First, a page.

Dancing in the Twin Cities, an unofficial Macalester organization created last year by Tess Huber ’16, arranges student excursions to nearby dance clubs. The group heads out once or twice a month to Cinema Ballroom across the street from Macalester, or Loring Pasta Bar in Dinkytown, Minneapolis. While these clubs are salsa- and Latin American-oriented, students can post about and organize other dancing events on Facebook.
Both experienced dancers and those with no experience join Dancing in the Twin Cities. Shannon Mahedy ’17 has been to Loring Pasta Bar twice.
“I’ve taken hip-hop, belly dancing, ballroom, and salsa classes. However, last week many people came who had never danced before. They were a little intimidated, but they ended up having a great time,” Mahedy said.
From noon to 11 p.m., the Loring Pasta Bar tends to draw diners looking for a quality, upscale meal (it managed to earn an 85 percent on Urban Spoon). It opens its doors to expert and novice dancers at 10:15 p.m. and invites them to share the floor with its live band, The Salsa Police. The only requirement is that patrons bring an I.D. to validate that they are at least 18. The cover charge is $8 on Fridays and $10 on Saturdays.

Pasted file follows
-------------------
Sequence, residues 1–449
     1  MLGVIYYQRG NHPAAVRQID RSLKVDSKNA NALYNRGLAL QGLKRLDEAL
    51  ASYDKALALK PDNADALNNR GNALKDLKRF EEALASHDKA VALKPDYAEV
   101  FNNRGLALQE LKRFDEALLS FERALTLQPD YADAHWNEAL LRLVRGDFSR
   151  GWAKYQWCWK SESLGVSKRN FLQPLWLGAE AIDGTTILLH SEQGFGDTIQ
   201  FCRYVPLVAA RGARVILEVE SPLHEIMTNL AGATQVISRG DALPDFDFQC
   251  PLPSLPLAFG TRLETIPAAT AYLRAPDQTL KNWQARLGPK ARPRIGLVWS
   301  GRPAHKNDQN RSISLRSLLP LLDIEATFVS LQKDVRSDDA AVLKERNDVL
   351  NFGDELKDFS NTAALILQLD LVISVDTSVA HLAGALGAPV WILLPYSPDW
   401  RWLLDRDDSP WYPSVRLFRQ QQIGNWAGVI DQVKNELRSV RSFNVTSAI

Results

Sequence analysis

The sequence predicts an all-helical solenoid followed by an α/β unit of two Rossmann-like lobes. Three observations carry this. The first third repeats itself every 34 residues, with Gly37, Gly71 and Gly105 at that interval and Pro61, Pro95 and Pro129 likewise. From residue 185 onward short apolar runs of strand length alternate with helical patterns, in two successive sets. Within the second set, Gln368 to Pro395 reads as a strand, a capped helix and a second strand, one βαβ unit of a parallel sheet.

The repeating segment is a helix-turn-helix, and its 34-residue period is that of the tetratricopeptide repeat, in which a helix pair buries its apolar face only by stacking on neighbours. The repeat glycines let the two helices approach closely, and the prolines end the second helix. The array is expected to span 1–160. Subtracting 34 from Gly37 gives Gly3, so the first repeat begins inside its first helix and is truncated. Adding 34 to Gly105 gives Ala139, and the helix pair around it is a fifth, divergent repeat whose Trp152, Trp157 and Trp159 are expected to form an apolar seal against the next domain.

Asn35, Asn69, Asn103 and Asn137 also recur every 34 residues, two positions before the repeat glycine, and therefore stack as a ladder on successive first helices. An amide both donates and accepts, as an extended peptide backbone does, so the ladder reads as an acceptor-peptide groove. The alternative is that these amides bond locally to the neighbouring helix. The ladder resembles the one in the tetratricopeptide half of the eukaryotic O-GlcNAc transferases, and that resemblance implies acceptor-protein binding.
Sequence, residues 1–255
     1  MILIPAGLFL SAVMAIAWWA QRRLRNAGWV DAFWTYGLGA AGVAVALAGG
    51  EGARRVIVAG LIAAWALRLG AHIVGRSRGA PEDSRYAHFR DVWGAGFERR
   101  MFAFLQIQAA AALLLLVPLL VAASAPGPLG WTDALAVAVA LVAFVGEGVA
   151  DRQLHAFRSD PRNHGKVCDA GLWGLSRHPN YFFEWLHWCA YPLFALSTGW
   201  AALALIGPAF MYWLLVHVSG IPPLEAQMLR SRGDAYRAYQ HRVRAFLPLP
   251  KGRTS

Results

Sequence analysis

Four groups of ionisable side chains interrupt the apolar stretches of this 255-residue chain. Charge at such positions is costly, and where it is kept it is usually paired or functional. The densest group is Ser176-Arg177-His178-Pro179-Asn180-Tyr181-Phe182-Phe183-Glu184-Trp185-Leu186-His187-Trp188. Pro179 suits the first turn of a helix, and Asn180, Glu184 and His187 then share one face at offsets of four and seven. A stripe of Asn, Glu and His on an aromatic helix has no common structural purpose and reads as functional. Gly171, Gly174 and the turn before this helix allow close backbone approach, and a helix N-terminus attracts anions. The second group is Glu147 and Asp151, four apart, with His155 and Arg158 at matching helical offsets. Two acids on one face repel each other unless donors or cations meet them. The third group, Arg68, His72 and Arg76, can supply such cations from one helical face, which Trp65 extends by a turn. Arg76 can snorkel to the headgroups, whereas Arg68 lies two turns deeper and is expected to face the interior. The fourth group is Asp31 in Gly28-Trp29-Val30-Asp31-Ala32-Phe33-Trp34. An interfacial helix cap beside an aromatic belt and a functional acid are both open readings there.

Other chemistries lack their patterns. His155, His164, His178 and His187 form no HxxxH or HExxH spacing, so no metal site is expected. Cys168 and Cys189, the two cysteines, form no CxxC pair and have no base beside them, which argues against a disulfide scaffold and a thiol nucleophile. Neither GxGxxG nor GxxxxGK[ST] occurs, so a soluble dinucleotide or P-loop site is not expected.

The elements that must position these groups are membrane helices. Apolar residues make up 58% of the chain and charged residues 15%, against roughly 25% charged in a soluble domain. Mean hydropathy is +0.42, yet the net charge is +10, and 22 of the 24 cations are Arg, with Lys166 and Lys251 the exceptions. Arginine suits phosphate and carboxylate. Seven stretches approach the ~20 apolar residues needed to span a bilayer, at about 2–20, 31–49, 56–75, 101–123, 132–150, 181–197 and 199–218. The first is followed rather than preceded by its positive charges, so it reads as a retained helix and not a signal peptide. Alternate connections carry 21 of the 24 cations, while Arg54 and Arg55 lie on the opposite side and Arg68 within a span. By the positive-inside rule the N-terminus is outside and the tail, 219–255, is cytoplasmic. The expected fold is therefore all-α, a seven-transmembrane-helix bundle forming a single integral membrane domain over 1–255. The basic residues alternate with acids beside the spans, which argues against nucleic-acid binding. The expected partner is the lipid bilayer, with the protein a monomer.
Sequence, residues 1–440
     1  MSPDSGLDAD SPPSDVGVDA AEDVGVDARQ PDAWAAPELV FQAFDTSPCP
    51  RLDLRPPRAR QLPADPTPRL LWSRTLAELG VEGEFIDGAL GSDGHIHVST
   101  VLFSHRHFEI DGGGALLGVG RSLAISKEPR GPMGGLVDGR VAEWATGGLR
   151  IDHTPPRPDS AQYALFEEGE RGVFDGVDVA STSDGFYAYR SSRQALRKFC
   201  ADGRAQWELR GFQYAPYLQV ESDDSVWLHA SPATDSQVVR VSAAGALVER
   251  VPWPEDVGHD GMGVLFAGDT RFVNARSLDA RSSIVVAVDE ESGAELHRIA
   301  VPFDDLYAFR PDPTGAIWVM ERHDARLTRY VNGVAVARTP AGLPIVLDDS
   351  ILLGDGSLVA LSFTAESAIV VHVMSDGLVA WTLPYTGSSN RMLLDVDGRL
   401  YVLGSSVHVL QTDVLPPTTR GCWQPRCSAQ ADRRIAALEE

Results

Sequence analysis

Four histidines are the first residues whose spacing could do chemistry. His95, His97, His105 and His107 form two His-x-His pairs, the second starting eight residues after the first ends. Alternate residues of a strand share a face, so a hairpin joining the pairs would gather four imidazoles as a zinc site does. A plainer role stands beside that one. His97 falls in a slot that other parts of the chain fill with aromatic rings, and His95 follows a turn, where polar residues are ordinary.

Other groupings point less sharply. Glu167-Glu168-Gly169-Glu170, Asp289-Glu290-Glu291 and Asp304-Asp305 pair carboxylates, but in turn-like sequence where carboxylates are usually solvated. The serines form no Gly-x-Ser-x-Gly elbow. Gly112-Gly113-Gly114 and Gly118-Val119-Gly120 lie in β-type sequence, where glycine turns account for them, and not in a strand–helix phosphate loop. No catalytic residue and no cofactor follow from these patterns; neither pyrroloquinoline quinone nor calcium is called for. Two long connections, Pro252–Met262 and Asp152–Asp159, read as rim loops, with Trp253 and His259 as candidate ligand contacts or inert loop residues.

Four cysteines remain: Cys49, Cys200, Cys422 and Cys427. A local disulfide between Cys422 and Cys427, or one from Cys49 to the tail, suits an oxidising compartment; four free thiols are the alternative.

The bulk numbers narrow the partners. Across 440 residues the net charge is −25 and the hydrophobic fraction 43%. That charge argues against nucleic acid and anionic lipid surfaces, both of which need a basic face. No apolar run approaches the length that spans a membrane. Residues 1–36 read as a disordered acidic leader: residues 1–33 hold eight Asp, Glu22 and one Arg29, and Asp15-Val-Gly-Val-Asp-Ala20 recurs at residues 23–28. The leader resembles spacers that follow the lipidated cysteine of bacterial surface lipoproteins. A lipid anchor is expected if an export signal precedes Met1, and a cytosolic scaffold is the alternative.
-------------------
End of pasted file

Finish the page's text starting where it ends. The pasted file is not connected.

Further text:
Originally a movie theater built in the 1920s, Cinema Ballroom now focuses on structured dancing lessons. There is a salsa class and a “practice dance party” on the fourth Friday of every month from 8 to 11 p.m. The Cinema Ballroom is open to all ages, and its cover charge is only $6 for students.
Group outings are usually organized for Fridays and Saturdays. A typical night involves meeting in the Campus Center at 10 p.m., taking an hour-long bus ride to Loring Pasta Bar, dancing until 1 a.m. and then heading back to campus.
Because of the limited buses running at that time, students often use taxis to return to Mac. The fare is usually split between five or six people, resulting in a per-person cost around $5. Of course, students can leave whenever they wish—if they can break away from the fun, catchy music.
Dancing in the Twin Cities has been one of Mahedy’s highlights at Macalester.
“It’s low-stress and really informal. It provides a perfect opportunity to get off campus, mingle with locals, and experience some of the Latino culture of the Twin Cities.”
Huber is attempting to incorporate regular clubs into the agenda as well. However, this is challenging because many clubs only allow patrons under 21 years of age on Thursdays and Sundays.
New students are always welcome to join the group. Huber recommends that students looking to keep up on current outings join the group’s Facebook page.